then to the proper customer account in the receivables ledger. Identify the customer account to which the payment should be posted. b. the number of customers. This is accomplished by the system matching the Magnetic Image Character Recognition (MICR) number on the check or the customer number specified in the electronic remittance data to the MICR number or customer number in the customer master file. Remember.126 Accounts Receivable Management Best Practices could be the subject of a book all by itself. the higher the percentage of payments that will be automatically matched. the rule may be set to accept either of the two conditions to execute an automatic match and clearing. it enables the payment processing/accounts receivable application to automatically: a. transactions. and so on. . The auto-cash function locates open obligations to apply payments based on predetermined decision rules programmed in the system. The data are sent by the bank and read by the auto-cash function. Alternatively. Identify the open obligation on the customer account to which the payments apply. and it will have to investigated manually. the rule may require an exact match of the transaction (invoice) number and the amount for an automatic match. then match and clear the two transactions. The degree of stringency is a decision each company has to make based on the level of control desired. These rules (called algorithms) can be simple or quite complex. For example. The less stringent the rules. This increases speed and reduces cost. If both conditions are not present. Often the payment data required is prepared by the lockbox processor while depositing the funds into your account. the less manual work is required. This percentage is also known as the auto-cash hit rate. the auto-match will not be executed. At a summary level. the higher the percentage of payments automatically matched.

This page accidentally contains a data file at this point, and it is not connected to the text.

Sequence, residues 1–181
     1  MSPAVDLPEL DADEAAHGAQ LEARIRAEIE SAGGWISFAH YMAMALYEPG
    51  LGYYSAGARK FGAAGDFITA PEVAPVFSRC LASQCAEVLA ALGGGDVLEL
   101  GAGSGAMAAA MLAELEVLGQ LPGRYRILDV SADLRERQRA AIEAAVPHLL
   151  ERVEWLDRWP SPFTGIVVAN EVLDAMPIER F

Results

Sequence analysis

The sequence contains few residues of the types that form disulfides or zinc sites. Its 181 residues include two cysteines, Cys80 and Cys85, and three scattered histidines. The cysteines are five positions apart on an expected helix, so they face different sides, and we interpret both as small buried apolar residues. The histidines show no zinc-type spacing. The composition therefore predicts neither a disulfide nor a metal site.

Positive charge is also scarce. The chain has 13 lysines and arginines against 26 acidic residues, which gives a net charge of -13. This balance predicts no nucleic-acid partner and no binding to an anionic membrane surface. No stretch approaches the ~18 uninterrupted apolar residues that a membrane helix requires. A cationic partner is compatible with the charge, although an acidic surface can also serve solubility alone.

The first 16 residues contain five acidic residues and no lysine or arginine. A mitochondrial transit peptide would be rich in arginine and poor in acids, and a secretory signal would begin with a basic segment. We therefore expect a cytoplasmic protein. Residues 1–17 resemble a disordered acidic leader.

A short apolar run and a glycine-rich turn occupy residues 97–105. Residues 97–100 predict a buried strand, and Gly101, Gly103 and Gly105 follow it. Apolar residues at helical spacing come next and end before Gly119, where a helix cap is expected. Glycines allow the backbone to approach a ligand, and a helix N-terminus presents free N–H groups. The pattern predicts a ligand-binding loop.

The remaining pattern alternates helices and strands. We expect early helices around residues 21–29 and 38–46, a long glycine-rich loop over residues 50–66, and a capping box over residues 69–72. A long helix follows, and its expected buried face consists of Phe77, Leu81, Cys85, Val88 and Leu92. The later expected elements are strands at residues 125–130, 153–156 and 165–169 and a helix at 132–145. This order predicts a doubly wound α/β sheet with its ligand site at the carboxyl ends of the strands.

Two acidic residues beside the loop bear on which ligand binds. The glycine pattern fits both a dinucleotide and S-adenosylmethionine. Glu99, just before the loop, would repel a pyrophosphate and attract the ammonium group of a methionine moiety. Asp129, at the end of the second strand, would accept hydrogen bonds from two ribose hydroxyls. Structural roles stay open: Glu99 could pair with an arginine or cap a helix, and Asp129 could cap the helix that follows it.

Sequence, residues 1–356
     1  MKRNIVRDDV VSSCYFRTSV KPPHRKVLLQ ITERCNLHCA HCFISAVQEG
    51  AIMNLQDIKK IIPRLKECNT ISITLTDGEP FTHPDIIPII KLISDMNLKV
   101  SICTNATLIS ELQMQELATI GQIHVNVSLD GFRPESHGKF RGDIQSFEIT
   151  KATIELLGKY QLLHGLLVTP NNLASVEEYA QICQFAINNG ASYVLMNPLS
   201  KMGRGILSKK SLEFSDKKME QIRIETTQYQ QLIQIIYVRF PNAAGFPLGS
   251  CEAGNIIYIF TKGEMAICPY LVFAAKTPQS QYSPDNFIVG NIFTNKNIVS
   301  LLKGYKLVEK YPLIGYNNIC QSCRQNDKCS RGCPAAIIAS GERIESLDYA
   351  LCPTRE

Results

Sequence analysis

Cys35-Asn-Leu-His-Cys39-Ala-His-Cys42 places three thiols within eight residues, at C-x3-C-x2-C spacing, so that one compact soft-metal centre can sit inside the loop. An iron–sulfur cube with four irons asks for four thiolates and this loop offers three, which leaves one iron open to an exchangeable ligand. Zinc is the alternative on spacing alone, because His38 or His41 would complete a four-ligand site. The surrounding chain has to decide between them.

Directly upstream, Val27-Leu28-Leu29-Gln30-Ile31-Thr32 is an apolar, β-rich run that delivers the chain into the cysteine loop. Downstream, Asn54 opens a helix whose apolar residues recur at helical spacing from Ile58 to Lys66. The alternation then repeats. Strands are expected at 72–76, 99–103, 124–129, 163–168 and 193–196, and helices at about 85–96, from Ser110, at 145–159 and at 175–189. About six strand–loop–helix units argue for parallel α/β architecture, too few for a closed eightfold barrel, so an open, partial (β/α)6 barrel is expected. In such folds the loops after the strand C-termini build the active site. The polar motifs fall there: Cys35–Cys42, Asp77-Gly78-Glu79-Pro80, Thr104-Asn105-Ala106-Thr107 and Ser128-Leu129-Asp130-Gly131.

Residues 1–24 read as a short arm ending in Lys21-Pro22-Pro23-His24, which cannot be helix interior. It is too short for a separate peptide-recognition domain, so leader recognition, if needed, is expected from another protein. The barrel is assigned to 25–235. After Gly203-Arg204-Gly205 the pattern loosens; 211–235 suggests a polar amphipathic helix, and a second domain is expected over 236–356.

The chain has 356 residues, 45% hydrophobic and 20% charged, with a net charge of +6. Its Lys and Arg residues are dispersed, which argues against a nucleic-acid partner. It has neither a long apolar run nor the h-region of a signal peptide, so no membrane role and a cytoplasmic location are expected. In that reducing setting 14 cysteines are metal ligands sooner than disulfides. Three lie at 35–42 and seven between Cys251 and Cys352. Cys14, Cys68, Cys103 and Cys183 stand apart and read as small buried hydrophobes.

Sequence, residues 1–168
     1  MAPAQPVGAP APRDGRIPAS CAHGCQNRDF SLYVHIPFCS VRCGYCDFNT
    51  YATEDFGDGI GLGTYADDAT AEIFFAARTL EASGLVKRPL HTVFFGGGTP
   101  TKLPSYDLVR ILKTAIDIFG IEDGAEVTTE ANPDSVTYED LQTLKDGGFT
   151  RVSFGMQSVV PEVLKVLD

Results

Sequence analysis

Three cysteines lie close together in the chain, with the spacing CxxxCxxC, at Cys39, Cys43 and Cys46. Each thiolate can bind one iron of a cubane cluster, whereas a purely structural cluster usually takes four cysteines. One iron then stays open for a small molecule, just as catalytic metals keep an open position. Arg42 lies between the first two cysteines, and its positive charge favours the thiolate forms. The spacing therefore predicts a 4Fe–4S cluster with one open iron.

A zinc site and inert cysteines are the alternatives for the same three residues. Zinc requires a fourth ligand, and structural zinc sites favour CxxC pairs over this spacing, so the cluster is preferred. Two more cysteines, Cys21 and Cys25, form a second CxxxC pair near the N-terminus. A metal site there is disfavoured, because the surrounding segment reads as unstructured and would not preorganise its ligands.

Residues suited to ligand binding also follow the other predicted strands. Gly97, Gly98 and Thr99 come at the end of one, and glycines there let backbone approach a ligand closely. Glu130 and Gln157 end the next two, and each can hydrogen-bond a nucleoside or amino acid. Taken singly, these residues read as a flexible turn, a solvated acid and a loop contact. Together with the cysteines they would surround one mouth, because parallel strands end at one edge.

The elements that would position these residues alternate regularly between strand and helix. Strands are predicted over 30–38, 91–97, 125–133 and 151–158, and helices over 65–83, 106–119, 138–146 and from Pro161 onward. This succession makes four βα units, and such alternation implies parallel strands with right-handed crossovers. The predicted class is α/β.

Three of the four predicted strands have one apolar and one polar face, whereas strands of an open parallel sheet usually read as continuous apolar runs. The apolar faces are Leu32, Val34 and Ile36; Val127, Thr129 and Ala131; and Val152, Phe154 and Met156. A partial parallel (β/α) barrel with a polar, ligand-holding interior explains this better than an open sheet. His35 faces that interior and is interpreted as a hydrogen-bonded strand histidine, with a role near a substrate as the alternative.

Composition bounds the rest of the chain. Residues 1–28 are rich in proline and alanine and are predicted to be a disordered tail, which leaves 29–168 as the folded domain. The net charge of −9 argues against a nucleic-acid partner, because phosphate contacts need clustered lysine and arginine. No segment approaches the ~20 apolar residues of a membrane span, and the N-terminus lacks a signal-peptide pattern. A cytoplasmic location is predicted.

e.Receivables Asset Management 127 The value of auto-cash cannot be overstated. the manual work is cut in half. 100% of payments have to be manually applied. Thousands of companies use it. Over time. Most ERP systems have auto-cash functionality in the accounts receivable modules. but the amount is less than the invoice. Structure the algorithm so that if the customer and invoice number matches that on the remittance advice. All but one payment matched an open invoice exactly. This can raise the hit rate substantially. match and clear the invoice and payment. Activation may require changes in the internal process and in the way your lockbox processor presents data. f. the benefits are well worth the effort and cost. analyze the rejects and their root causes. thereby requiring manual application of the entire payment. Other tips for auto-cash include: Allow the auto-cash application to match and clear individual payments contained within a remittance. and post a deduction to the customer account. d. However. all 88 were. yet the entire payment was rejected for one exception. Allow the auto-cash application to apply short payments and create a separate deduction item. A company with which we have worked has its algorithms structured so that the entire check must be automatically applied or the payment will be rejected. An example of this structure is in applying a customer check that paid 88 invoices. If it is the . and activating it is not difficult. Build an automatic write-off of small balances into the algorithms. This is important if you incur many deductions from your customers. Many commercially available credit and collection automation applications have it as well. The result: Instead of one invoice being manually matched and cleared. Without it. What other administrative functions do you know of where 50 to 80% or more of the manual work can be eliminated? c. Even with a poor hit rate of 50% (70 to 80% is common). Clear the transaction immediately and automatically.